Weight loss can be aided by a supplement that contains a specific fibre.
The fibre, called glucomannan, makes dieters feel fuller because it takes longer to digest.
This means that dieters eat less calories, aiding their weight loss and keeping hunger pangs at bay.
Various studies have shown that the supplement has this effect in those who use it to boost their diet plan.
Scientists at the Institute of Clinical Medicine, University of Tromsø, Norway, recorded the process of one hundred and seventy six men and women who were given either the glucomannan supplement or a placebo.
The dieters also ate a diet of 1,200 calories per day.
They experts said: “Glucomannan induced body weight reduction in healthy overweight subjects.” [sic]
They added: “ However, there were no significant differences between the different fibers in their ability to induce weight reduction, which was approximately 0.8 kg/week.”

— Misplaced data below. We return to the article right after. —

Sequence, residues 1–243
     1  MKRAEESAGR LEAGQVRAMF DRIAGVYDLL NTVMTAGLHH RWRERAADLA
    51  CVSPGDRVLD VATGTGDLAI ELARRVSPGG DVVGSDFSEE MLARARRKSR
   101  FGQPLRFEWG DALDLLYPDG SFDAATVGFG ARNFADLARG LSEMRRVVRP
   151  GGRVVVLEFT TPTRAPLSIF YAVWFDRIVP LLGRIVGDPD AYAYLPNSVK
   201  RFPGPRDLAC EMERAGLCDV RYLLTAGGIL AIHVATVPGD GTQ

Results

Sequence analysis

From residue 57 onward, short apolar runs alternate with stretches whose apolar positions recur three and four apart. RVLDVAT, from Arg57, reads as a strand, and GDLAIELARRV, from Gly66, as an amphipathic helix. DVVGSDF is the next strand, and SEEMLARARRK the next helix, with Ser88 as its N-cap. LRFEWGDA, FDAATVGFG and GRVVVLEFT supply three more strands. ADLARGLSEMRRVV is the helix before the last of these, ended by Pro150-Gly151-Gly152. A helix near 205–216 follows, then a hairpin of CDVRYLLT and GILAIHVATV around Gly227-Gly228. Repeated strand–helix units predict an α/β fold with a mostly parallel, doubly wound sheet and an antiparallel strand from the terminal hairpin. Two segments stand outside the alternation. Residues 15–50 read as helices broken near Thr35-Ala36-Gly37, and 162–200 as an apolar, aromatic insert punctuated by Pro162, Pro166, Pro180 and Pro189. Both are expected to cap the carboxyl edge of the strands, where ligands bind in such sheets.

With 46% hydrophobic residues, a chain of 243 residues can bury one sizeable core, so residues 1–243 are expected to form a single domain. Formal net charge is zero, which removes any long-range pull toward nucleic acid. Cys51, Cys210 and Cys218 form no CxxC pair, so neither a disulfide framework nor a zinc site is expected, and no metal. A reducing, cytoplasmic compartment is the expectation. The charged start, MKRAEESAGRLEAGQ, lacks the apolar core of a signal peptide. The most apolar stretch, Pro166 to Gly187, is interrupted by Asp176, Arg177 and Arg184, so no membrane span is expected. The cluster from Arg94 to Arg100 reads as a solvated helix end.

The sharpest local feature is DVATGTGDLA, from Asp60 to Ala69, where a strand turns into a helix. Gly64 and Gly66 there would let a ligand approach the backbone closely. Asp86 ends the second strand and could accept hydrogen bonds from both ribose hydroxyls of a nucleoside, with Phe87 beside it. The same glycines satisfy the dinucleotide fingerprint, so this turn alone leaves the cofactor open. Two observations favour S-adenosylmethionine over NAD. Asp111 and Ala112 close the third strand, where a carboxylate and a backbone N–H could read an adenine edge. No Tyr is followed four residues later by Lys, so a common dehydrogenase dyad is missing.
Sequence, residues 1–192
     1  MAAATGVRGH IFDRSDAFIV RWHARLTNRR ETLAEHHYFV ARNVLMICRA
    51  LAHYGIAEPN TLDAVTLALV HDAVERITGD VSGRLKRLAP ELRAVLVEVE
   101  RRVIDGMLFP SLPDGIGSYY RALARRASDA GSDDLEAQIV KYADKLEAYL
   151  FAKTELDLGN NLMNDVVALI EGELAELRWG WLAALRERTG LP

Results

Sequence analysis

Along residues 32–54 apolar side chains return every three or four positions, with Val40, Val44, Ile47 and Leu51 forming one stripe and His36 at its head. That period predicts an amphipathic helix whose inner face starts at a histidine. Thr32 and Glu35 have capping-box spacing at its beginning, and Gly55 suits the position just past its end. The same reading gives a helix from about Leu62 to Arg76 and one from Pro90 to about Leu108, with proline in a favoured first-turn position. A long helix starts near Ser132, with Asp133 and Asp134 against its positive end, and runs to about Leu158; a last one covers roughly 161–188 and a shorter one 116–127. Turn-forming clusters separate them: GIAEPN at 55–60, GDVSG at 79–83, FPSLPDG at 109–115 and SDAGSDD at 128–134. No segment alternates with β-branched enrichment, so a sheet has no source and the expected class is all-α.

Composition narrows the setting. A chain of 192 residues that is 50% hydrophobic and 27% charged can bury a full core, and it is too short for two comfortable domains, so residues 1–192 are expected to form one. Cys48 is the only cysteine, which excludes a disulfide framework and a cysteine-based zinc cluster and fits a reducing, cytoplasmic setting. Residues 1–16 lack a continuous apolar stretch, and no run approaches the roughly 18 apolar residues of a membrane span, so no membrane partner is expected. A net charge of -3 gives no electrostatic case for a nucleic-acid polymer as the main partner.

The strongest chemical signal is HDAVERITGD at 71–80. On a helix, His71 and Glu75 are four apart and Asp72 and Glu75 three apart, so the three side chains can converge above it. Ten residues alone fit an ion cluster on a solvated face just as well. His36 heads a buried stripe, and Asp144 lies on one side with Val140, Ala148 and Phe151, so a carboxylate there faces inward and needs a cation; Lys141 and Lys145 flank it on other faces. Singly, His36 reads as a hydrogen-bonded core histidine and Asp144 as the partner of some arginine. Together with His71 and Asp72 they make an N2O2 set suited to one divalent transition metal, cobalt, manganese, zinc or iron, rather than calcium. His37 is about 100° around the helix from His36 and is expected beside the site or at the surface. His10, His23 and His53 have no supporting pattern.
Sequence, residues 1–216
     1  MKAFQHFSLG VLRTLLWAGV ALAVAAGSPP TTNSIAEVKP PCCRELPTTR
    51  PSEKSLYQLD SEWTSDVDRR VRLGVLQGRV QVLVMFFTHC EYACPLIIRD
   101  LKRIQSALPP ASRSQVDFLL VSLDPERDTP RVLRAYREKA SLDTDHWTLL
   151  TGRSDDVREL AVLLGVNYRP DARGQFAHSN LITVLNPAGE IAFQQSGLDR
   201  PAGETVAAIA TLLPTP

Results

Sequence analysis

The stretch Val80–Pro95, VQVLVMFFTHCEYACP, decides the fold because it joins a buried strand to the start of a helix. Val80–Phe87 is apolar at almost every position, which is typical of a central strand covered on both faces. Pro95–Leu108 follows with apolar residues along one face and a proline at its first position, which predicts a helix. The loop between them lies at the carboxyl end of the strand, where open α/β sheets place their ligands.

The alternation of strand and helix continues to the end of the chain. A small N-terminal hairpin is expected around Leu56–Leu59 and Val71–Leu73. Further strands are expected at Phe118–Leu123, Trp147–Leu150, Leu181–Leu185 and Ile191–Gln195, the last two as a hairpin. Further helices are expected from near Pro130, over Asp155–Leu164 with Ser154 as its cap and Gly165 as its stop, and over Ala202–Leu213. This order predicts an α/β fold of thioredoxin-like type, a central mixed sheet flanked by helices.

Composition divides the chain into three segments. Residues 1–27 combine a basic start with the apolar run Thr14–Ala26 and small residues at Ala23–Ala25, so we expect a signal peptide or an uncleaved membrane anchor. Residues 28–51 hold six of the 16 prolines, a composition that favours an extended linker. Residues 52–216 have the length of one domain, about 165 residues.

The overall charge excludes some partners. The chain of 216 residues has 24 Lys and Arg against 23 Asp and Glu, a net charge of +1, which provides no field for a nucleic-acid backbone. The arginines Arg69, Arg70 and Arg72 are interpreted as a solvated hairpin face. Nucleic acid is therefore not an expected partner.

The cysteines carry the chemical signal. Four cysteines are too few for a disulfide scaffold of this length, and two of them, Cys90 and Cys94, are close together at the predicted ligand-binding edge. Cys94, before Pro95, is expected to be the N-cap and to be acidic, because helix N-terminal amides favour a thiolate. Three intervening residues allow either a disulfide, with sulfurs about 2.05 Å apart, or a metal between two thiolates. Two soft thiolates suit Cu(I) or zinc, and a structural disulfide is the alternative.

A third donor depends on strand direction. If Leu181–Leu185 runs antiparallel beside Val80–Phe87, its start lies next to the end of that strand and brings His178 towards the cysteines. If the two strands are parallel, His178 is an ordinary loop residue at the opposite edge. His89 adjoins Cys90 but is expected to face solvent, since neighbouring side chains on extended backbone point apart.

This is the equivalent of 1.7lbs a week.
A second study from the International Association for the Study of Obesity found similar results from using the fibre.
The added fibre in the diet did have an effect, although according to this research the effects were smaller.
The scientists found that the thicker fibres were better able to suppress the appetite.
They wrote: “For appetite, acute energy intake, long-term energy intake and body weight, there were clear differences in effect rates depending on chemical structure. Interestingly, fibres characterized as being more viscous reduced appetite more often than those less viscous fibres.” [sic]
Another weight loss plan known as the Keto diet is said to help dieters shed the pounds easily.
Followers drastically reduce the amount of carbohydrates they are eating so there aren’t enough from food to burn for energy, forcing the body to switch to burning fat.
Another diet, the flexitarian diet, has been claimed to help dieters lose 5.5lb in three months.
The diet is described as a “flexitarian or semi-vegetarian diet (SVD) is one that is primarily vegetarian with the occasional inclusion of meat or fish” by nutritionist Dr. Emma Derbyshire in Flexitarian Diets and Health: A Review of the Evidence-Based Literature.
Published at Tue, 14 Nov 2017 04:00:00 +0000